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Pennsylvania, the one in greatest
danger, was so laggard that she asked New Jersey to come to her help,
and that little State gallantly did so.


Hooker deserved credit for appreciating his own unfitness for the
command of the army that was again to fight Lee. He crossed the Potomac
June 26th, making a movement which threatened Lee's communications, and
resigned the next day. At Frederick, on the 28th, he published an order
to the effect that the army had been placed in charge of Major-General
George G. Meade.

This was an excellent appointment. Although Meade was born, in 1815, in
Cadiz, Spain, he was an American, because his father was the United
States naval agent at the time. Meade was graduated from West Point in
1835, and won distinction in the war with the Seminoles and with Mexico.
The appointment was a surprise to him, but it pleased everybody, and he
modestly took hold, resolved to do the best he could.


He adhered to the general plan of Hooker. His army numbered about
100,000, and no braver men lived anywhere. Nearly all of Lee's troops
were north of the Potomac, partly in Maryland and partly in
Pennsylvania. On the 27th of June the whole army was at Chambersburg,
Pennsylvania; but Lee was greatly hampered by the absence of Stuart and
his cavalry. That dashing officer was very fond of making raids, and,
giving a wider meaning to the permission of Lee than that general
intended, he was off on another of his bold ventures, with no certainty
as to when he would return. It was upon him that Lee was obliged to
depend for news of the Union army. Receiving none, he was on the point
of advancing against Harrisburg, the capital of Pennsylvania, when he
paused upon receiving the first reliable news of the Army of the

Meade had pushed his advance beyond Middleton, where his left was lying
when he took command of the army at Frederick. This action of the Union
commander looked as if he intended to cross the mountains and attack the
Confederate rear. Ewell's corps was at York and Carlisle, but still
there was no knowledge whatever of the whereabouts of Stuart.

Lee now attempted to draw Meade away from the Potomac by concentrating
his army to the east of the mountains. Hill and Longstreet advanced to
Gettysburg, while Ewell was ordered to do the same. Lee himself lagged
in the hope that Stuart would join him, and because of that, Meade, who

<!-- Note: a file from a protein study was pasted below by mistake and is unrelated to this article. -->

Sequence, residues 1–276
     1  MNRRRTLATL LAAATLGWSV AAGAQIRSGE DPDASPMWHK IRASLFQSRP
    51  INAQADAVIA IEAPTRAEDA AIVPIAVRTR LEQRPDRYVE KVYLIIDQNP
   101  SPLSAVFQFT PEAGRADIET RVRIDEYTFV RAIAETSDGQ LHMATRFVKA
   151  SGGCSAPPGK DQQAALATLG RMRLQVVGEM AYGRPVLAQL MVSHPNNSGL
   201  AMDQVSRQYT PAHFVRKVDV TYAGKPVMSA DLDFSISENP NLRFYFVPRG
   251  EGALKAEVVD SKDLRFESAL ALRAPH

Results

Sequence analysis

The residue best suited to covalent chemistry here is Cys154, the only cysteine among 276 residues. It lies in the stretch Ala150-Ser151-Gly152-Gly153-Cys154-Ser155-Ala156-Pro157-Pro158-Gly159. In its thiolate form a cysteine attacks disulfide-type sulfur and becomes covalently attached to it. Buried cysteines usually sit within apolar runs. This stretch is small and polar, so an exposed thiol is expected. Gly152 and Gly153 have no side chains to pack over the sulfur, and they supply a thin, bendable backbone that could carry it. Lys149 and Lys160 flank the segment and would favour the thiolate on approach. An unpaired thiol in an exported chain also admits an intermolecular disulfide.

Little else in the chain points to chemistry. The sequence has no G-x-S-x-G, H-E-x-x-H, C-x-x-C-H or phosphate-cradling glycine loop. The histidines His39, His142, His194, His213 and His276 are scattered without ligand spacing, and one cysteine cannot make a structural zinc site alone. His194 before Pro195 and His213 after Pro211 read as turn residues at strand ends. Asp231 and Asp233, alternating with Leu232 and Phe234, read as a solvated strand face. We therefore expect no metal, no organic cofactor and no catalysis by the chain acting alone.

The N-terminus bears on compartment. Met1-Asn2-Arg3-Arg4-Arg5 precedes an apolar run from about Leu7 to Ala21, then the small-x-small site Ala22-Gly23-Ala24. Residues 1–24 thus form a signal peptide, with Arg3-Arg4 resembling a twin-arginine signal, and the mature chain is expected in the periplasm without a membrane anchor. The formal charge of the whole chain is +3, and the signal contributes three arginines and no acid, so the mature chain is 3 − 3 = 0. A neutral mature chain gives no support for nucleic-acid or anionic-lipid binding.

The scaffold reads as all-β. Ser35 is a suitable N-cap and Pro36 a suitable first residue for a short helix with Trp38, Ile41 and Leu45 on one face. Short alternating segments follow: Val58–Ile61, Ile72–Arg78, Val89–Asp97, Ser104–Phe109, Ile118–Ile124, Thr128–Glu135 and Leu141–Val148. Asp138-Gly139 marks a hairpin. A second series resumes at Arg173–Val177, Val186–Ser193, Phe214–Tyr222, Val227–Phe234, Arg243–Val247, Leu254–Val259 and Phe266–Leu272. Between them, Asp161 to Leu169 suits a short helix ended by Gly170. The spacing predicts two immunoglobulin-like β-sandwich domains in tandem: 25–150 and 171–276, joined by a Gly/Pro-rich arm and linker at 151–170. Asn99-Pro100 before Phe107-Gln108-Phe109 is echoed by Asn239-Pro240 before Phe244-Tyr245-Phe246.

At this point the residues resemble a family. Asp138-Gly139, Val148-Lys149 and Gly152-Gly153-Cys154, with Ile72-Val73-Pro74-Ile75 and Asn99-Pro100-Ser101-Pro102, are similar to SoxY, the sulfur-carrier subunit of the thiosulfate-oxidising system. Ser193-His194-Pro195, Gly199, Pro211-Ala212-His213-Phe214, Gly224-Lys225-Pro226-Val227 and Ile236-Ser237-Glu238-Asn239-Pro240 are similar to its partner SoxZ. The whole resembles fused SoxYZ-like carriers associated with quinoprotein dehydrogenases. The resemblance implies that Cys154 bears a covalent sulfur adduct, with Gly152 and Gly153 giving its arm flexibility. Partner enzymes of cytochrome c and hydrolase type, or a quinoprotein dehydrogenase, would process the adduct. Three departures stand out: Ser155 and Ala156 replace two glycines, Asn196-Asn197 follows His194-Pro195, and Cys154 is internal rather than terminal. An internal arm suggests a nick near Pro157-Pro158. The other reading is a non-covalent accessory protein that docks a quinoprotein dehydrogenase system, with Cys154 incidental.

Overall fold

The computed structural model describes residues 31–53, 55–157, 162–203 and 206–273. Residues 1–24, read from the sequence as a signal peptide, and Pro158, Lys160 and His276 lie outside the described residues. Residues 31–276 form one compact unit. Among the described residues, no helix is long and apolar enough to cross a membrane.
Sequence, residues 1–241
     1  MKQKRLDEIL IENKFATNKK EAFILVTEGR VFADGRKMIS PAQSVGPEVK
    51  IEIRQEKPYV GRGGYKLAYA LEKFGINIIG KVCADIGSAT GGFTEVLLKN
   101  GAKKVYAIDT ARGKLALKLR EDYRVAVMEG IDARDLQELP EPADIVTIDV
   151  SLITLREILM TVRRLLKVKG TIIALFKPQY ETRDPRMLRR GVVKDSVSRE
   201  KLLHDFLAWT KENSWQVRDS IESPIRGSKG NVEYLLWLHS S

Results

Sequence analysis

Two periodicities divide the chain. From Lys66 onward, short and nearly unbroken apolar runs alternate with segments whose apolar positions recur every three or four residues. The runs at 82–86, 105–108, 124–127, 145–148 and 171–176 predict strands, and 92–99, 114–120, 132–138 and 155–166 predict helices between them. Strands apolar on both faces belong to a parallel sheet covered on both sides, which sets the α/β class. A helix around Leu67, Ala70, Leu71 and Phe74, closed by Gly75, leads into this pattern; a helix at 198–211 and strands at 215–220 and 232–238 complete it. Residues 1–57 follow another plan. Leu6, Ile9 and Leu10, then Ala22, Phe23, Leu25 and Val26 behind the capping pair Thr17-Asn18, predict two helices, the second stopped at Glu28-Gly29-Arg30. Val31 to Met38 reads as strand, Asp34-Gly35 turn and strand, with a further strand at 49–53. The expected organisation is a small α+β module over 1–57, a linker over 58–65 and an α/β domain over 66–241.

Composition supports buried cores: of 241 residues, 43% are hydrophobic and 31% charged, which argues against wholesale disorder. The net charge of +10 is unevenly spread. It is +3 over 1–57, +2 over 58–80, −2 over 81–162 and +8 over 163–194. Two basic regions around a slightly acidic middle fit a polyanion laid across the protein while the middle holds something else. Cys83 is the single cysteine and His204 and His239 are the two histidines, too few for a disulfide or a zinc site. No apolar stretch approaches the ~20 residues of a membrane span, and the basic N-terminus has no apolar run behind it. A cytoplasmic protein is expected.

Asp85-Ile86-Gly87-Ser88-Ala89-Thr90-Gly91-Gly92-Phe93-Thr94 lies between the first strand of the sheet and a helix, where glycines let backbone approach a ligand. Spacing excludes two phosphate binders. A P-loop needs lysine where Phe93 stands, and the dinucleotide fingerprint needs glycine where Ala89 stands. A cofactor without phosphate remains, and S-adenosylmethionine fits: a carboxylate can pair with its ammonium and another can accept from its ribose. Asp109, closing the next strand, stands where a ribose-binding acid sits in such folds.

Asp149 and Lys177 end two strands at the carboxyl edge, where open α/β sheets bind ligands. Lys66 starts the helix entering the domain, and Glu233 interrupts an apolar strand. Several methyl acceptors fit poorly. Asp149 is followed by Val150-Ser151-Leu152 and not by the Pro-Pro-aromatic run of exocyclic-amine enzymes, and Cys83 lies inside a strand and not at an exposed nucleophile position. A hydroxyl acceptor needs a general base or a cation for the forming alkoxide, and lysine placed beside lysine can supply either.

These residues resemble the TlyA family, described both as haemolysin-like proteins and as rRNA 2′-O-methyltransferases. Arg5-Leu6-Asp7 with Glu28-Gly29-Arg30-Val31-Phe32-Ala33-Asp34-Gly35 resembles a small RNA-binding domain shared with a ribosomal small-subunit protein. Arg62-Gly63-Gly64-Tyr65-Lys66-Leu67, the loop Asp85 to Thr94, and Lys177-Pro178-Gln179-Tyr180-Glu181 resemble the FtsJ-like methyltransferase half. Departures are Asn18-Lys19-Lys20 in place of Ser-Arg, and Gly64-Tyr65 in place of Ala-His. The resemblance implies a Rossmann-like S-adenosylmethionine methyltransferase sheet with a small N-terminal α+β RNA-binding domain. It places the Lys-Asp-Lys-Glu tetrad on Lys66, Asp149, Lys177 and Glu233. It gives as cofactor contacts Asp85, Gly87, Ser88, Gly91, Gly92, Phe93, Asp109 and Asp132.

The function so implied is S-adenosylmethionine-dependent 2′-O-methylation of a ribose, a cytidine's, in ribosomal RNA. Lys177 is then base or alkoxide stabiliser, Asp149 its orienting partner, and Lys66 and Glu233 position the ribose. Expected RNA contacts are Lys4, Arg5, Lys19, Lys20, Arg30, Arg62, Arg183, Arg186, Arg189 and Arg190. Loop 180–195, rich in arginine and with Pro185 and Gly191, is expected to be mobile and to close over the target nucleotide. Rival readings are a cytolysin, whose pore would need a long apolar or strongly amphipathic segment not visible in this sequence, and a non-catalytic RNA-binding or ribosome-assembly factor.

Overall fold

was keenly on the alert, arrived in the neighborhood of Gettysburg
first. On the last day of June, he was within a few miles of the town,
while Lee was somewhat to the north and making for the same place.

Stuart and his cavalry had harassed the Army of the Potomac in Virginia,
but, unable to stay its advance, they crossed the Potomac, and, moving
to the east of Meade, entered Carlisle shortly after Ewell had left for
Gettysburg. Stuart's delay was owing to the fact that he did not know
Lee's whereabouts.


The two mighty armies were now within striking distance of each other.
It was yet early in the day when a collision took place between a
Confederate division and Reynolds' Corps on the western side of the
town. Reynolds was one of the best officers in the Union army. He was
engaged in directing the movements of his troops when he was struck in
the head by a rifle bullet and instantly killed. General Doubleday
succeeded him in command, but was unable to drive back the enemy. Howard
arrived with the Eleventh Corps early in the afternoon and took charge
of the whole force. These were mainly composed of Germans, who were so
overwhelmingly stampeded by Stonewall Jackson at Chancellorsville. They
did not appear to have recovered from that panic, for they fled
pell-mell through Gettysburg, with the enemy whooping at their heels.
Nearly all who did not run were cut down or they surrendered.

Meade had sent Hancock to take chief command, and, aided by Howard, he
rallied the shattered corps on the crest of Culp's Hill, behind the
town. The keen eye of Hancock was quick to see that it was here the
decisive struggle must take place, and he sent an urgent message to
Meade, fifteen miles away, to lose not an hour in hurrying his troops
forward. Meade followed the counsel. Some of his men arrived that night,
some the next morning, while those from the greatest distance did not
come in until the following afternoon.

The line as formed by Hancock extended along Cemetery Hill on the west
and south of Gettysburg. It was a formidable position, and Lee, after
carefully studying it, decided to await the arrival of Longstreet and
Ewell with their corps before making his attack. Events proved that the
decision was a disastrous mistake on the part of the Confederate

When the sultry first day of July drew to a close, the Federal right
held Culp's Hill, the centre Cemetery Hill, the left was along Cemetery
Ridge, and the reserve on the right. This line curved in the form of a
horseshoe, with the projecting portion facing Gettysburg. Sedgwick, it